…..The image of God is the married couple: the man and the woman; not only the man, not only the woman, but both of them together. This is the image of God: love, God’s covenant with us is represented in that covenant between man and woman. And this is very beautiful! We are created in order to love, as a reflection of God and his love. And in the marital union man and woman fulfil this vocation through their mutual reciprocity and their full and definitive communion of life.1. When a man and woman celebrate the Sacrament of Matrimony God as it were “is mirrored” in them; he impresses in them his own features and the indelible character of his love. Marriage is the icon of God’s love for us. Indeed, God is communion too: the three Persons of the Father, the Son and the Holy Spirit live eternally in perfect unity. And this is precisely the mystery of Matrimony: God makes of the two spouses one single life. The Bible uses a powerful expression and says “one flesh”, so intimate is the union between man and woman in marriage. And this is precisely the mystery of marriage: the love of God which is reflected in the couple that decides to live together. Therefore a man leaves his home, the home of his parents, and goes to live with his wife and unites himself so strongly to her that the two become — the Bible says — one flesh.2. St Paul, in the Letter to the Ephesians, emphasizes that a great mystery is reflected in Christian spouses: the relationship established by Christ with the Church, a nuptial relationship (cf. Eph 5:21-33). The Church is the bride of Christ. This is their relationship. This means that Matrimony responds to a specific vocation and must be considered as a consecration (cf. Gaudium et Spes, n. 48: Familiaris Consortio, n. 56). It is a consecration: the man and woman are consecrated in their love. The spouses, in fact, in virtue of the Sacrament, are invested with a true and proper mission, so that starting with the simple ordinary things of life they may make visible the love with which Christ loves His Church, by continuing to give his life for her in fidelity and service.3. There is a truly marvellous design inherent in the Sacrament of Matrimony! And it unfolds in the simplicity and frailty of the human condition. We are well aware of how many difficulties two spouses experience…. The important thing it to keep alive their bond with God, who stands as the foundation of the marital bond. And the true bond is always the Lord. When the family prays, the bond is preserved. When the husband prays for his wife and the wife prays for her husband, that bond becomes strong; one praying for the other. It is true that there are so many difficulties in married life, so many, when there is insufficient work or money, when the children have problems. So much to contend with. And many times the husband and wife become a little fractious and argue between themselves. They argue, this is how it is, there is always arguing in marriage, sometimes the plates even fly. Yet we must not become saddened by this, this is the human condition. The secret is that love is stronger than the moment when there is arguing, and therefore I always advise spouses: do not let a day when you have argued end without making peace. Always! And to make peace it isn’t necessary to call the United Nations to come to the house and make peace. A little gesture is sufficient, a caress, and then let it be! Until tomorrow! And tomorrow begin again. And this is life, carrying on, carrying on with courage and the desire to live together. And this is truly great, it is beautiful! Married life is such a beautiful thing and we must treasure it always, treasure the children. On other occasions in this Square I have mentioned something else which is so helpful for marriage. There are three words that always need to be said, three words that need to be said at home: may I, thank you, and sorry. The three magic words. May I: so as not to be intrusive in the life of the spouses. May I, but how does it seem to you? May I, please allow me. Thank you: to thank one’s spouse; thank you for what you did for me, thank you for this. That beauty of giving thanks! And since we all make mistakes, that other word which is a bit hard to say but which needs to be said: sorry. Please, thank you, and sorry. With these three words, with the prayer of the husband for the wife and vice versa, by always making peace before the day comes to an end, marriage will go forward. The three magic words, prayer and always making peace. May the Lord bless you, and pray for me.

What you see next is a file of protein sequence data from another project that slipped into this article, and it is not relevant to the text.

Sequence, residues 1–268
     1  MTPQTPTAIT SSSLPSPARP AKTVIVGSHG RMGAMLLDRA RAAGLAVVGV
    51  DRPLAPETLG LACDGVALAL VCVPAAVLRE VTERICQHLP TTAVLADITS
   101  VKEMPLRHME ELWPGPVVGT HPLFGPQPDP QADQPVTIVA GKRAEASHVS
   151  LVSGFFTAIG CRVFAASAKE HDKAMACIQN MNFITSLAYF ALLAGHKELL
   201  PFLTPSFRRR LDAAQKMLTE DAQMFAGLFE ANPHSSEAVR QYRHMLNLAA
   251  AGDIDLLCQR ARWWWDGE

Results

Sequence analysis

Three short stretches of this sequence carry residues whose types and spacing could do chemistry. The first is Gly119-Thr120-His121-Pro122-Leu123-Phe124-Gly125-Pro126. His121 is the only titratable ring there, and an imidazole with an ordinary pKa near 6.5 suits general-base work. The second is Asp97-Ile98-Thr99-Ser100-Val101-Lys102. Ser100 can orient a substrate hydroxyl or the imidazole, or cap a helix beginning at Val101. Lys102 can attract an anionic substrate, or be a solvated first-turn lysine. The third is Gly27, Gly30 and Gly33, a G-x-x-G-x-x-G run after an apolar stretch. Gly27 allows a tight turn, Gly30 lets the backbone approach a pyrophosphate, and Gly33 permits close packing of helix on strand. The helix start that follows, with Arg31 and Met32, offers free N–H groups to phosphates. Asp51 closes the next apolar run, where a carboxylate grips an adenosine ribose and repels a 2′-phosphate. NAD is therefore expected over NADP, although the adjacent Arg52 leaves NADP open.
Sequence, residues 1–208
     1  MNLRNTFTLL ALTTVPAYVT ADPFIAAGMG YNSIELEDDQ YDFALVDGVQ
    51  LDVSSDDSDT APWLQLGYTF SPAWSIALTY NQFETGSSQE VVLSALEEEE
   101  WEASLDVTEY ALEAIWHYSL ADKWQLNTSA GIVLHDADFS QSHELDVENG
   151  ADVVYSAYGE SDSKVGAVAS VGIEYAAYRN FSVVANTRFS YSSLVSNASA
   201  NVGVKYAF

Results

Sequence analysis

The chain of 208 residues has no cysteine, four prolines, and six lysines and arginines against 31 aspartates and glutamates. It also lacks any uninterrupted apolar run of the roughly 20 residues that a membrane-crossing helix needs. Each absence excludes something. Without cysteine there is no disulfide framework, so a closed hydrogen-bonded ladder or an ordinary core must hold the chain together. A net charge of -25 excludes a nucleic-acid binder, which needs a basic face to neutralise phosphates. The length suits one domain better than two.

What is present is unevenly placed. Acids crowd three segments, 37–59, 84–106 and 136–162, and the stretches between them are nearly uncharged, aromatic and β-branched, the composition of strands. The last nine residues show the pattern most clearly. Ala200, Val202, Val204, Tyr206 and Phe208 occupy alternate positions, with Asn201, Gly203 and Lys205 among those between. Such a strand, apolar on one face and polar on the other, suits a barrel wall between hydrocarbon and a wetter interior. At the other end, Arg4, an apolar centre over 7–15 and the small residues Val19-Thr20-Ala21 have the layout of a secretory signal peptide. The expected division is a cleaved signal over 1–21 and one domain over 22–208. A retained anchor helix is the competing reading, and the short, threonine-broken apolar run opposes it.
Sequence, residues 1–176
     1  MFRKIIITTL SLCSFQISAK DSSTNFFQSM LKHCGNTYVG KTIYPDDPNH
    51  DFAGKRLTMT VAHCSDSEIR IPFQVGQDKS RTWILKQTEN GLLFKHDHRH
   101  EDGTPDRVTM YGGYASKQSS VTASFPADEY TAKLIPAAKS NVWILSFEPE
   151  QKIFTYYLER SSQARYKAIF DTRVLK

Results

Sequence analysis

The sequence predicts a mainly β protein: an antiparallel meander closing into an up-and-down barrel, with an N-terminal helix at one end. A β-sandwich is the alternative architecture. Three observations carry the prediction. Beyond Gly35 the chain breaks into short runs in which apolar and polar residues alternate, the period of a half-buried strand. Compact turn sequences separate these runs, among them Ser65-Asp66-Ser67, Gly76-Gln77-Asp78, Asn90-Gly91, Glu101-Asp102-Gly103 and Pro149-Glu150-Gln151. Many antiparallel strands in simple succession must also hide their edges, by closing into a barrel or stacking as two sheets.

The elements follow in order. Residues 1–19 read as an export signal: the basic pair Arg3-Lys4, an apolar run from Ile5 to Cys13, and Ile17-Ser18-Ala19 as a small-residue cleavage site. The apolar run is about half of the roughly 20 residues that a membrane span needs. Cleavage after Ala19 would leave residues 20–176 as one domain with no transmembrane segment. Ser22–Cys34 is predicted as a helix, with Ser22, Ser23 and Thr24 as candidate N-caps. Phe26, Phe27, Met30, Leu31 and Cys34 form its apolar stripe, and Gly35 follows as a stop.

“The holiness and indissolubility of Christian matrimony, often disintegrating under tremendous pressure from the secular world, must be deepened by clear doctrine and supported by the witness of committed married couples,” Pope Francis said.
“Christian matrimony is a lifelong covenant of love between one man and one woman; it entails real sacrifices in order to turn away from illusory notions of sexual freedom and in order to foster conjugal fidelity.”